There's no better celebration of any season than the decorated tree adorned with the rich symbolism of nature—my ritual to inform and inspire you in the journey called life.

Thursday, October 6, 2016

the pumpkin tree

THE PUMPKIN PATCH is  firmly rooted in Autumn lore — even iconic. It has woven its way into the social fabric of Thanksgiving and Halloween. The pumpkin has long been a symbol of our connection to the earth and a paean to our agrarian history. I'm only one generation away from my uncle who was a cotton farmer in Alabama. And my own father had a large garden with a neighbor every year in our community.
We're missing something in losing that connection in our busy lives where everything can be ordered online, except maybe . . . pumpkins . . . hmm. 

AN INTRIGUING BOOK I've just found online (but haven't ordered and read yet), is simply titled Pumpkin with the subtitle A Curious History of an American Icon. The book sounds entirely worth a read, and dovetails nicely with what I've always tried to achieve with this blog — bringing resonance back to the symbols of, and surrounding the decorated tree and the connections to nature. Pumpkin is written by Cindy Ott, an assistant professor of American Studies at Saint Louis University. The description reads, in part: Beginning with the myth of the first Thanksgiving, she [Ott] shows how Americans have used the pumpkin to fulfull their desire to maintain connections to nature and to the family farm of lore, and, ironically, how small farms and rural communities have been revitalized in the process. And while the pumpkin has inspired American myths and traditions, the pumpkin itself has changed because of the ways people have perceived, valued, and used it. "This major contribution to American agricultural and sociocultural history" can be ordered online here.

THE MOOD OF AUTUMN: Photographer Art Meripol, my old coworker and friend from my days at Southern Living magazine and Cooking Light magazine took this photograph. Art says he photographed this little girl in a pumpkin patch near a small town in central Missouri. The atmospheric mystery of the photograph is palpable. With the wind blowing her hair across her face and the cloudy blue autumn sky meeting the earthy tumble of the pumpkin patch is, to me, the quintessential image of autumn. Please visit Art's site here to find even more breathtaking imagery.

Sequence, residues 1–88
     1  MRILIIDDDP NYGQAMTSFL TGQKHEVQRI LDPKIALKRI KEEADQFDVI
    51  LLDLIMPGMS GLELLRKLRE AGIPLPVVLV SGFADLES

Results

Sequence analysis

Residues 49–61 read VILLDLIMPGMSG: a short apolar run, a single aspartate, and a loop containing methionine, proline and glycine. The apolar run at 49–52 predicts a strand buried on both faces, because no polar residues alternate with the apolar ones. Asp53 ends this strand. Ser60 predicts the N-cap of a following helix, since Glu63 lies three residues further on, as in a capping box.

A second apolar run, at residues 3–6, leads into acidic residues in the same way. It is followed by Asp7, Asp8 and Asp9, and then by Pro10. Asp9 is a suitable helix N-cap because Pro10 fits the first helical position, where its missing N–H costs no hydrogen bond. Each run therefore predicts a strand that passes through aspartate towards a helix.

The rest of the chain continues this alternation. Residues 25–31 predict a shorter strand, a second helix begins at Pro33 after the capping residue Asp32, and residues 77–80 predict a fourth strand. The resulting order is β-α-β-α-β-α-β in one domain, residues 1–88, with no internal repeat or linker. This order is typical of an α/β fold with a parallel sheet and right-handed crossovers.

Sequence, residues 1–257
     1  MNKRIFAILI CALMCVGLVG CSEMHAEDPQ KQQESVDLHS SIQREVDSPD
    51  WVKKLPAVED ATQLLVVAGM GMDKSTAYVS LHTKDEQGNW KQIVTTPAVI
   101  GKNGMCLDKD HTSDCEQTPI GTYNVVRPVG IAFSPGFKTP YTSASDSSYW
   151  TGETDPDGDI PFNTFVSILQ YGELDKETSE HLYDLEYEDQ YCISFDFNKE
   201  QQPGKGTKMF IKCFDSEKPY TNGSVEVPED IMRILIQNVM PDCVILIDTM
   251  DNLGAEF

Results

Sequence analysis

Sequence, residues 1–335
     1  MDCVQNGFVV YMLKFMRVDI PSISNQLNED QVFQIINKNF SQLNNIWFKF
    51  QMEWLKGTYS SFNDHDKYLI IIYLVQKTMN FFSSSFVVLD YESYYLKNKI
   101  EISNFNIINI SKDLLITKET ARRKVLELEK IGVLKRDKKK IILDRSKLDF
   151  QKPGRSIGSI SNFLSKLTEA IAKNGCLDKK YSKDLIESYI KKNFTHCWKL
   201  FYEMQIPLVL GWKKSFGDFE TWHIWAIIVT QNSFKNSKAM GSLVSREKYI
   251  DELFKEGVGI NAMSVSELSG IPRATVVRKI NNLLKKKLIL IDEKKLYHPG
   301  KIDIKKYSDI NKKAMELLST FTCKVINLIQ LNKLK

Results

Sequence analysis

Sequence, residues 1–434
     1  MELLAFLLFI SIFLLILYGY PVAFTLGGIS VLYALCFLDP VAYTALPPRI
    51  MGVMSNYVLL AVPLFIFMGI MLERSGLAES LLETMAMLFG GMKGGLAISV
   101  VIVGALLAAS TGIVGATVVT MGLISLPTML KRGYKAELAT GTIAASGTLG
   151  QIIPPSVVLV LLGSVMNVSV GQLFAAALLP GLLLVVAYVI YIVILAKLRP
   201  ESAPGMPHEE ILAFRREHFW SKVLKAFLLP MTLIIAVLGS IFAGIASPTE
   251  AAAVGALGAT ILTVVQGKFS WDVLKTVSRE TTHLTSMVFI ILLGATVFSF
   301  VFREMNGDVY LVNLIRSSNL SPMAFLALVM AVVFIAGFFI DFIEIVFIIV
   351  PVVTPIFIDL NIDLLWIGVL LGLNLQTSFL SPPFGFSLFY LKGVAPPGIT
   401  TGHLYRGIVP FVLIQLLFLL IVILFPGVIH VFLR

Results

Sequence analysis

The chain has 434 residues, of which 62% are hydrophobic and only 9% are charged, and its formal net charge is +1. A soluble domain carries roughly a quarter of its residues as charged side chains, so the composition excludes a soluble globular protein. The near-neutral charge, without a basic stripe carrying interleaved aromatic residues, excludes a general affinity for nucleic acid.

'TIS THE SEASON: Trader Joe’s Dark Chocolate Pumpkin Spice Salted Caramels are a different take on each autumn's tedious pumpkin spice season—topped with a sprinkling of Hawaiian red sea salt.
SEARCHING THE PATCH for the perfect pumpkins is quite a fun endeavor each autumn season, even if it's only at your local supermarket. It's even more challenging when you have in mind to make a "tree" from a graduated sizes of these gourds. Then one has to decide on color and form and how well they all stack up.

TRICK OR TREAT: Skull-stamped treat bags are filled with either tricks or treats, so upon opening, you determine what you have. Treat bags are available at Michaels.
TIERED TREATS: Trader Joes has no shortage of Halloween Treats. These Belgian Chocolate Pumpkins and Chocolate Mousse Pumpkins are both quite delicious.
IT'S A GREAT DIVERSION from the politics at hand this season. It's either "trick or treat" in this election. Our choice is more polarized than ever before. So it goes with the Halloween dessert tableau seen in the photo at the top of this post. The treat (or trick?) bags enclosed under lock and key are purposely mysterious. Yours is a grab bag of one or the other. These sinister skull-imprinted bags could hold an October surprise. Either way, there are enough treats to keep us at the scene of the crime.

GOURDS GALORE: Quite a mix. You can find elegant gourds everywhere this time of year, but look at specialty shops and florists and farmer markets. I found the long-stemmed beauties at French Market Flowers at Krog Street Market in Atlanta.
PUMPKINS are a form of squash, and both are part of the gourd family. There are endless varieties, colors and forms. What I set out to achieve in this post is using the natural gourds without coaxing them by carving or painting — becoming something else entirely. That can be a fun thing to do, but my mission this time was to keep things pure and simple.
BEAUTIFUL VARIETY: It's all about diversity.

PURE AND SIMPLE isn't meant to be without variety though. It takes all shapes, sizes and colors to make an interesting and beautiful mix. You might even say that also applies to people. We are all part of the same familythe human familyand we need to start acting like it to survive along with the natural world. It's all we've got when you get down to basics.

collecting, photography and styling by Darryl Moland,
Pumpkin patch photo courtesy Art Meripol photography.